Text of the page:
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Friday, November 18, 2011


In the first few day of life your baby will have his first bowel movement, which is often referred to as passing meconium. This thick, dark green or black substance filled his intestines before birth, and it must be eliminated before normal digestion can take place. Once meconium is passed, the stools will turn yellow-green.

If your baby is breastfeed, his stool should soon resemble light mustard with seed like particles. Until he starts to eat solid foods, the consistency of the stools should be soft, even slightly runny. If his formula-fed, his stools usually will be tan or yellow in color. They will be firmer than in a baby who is breastfed, but no firmer than peanut butter.

Whatever breastfed or bottle-fed, if your baby's has hard or very dry stools, it may be a sign that he is not getting enough fluid, or that he is loosing too much fluid due to illness, fever, or heat. Once he has started solids, hard stools might indicate that he's eating too many constipating foods, such as cereal or cow's milk, before his system can handle them.(Whole cow milk is not recommended for babies under 12months.)

Keep in mind that occasional variations in color and consistency of the stools are normal. For example, if the digestive process slows down because the baby has had a particularly large amount of cereal that day or foods requirements more effort to digest, the stool may become green; or if the baby is given supplement iron, the stools may turn dark brown. If there is a minor irritation of the anus, streak of blood may appear on the outside of the stools. However, if there are large amounts of blood, mucus, or water in the stool, call your pediatrician immediately. These symptoms may indicate severe diarrhea or an intestinal abnormality.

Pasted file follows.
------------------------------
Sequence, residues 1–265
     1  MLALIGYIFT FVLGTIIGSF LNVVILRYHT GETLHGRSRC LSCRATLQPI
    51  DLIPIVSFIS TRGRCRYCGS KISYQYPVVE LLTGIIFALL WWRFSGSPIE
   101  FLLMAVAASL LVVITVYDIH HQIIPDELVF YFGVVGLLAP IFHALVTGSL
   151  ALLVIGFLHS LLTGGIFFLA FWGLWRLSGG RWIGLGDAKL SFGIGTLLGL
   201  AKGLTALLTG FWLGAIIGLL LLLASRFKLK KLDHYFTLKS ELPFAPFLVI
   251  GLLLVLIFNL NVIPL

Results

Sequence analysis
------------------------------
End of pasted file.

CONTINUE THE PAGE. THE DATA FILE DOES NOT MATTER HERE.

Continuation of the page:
The main concern with diarrhea is the possibility that dehydration can develop. If ever is also present and your infant is less than 2 months old, call your pediatrician immediately. If your baby is over 2 months and the fever last more than a day, check his urine output and rectal temperature; then report your findings to your doctor so she can determine what need to be done.

The frequency of bowel movements varies widely from 1 baby to another. Many pass a stool soon after each feeding. This is a result of the gastrocolic reflex, which causes the digestive system to become active whenever the stomach is filled with food.

By 3 to 6 weeks of age, some breastfed babies have only one bowel movement a week and still are normal. This happens because breastmilk leaves very little solid waste to be eliminated from the child's digestive system. Thus, infrequent stools are not a sign of constipation and should not be considered a problem as long as the stools are soft (no firmer than peanut butter), and your infant is otherwise normal, gaining weight steadily, and nursing regularly.

If your baby is formula-fed, he should have at least 1 bowel movement a day. If he has fewer than this and appears to be straining because of hard stools, he may be constipated. Check with pediatrician for advice on how to handle this problem.

2 comments on "BOWEL MOVEMENT"

germz on November 29, 2011 at 3:55 AM said...

have you read about the different colors of bowel? That you will then know if a baby is breastfed or fed with formula milk?

well, can't go into details since iv already forgot about it after graduating nursing...hehe nice post.

Antoine Lockhart on March 14, 2013 at 2:46 AM said...

I don't like peanut butter. It would keep me inside the John for an hour after I eat it. Don't your think it's a good idea to go to holistic clinics?

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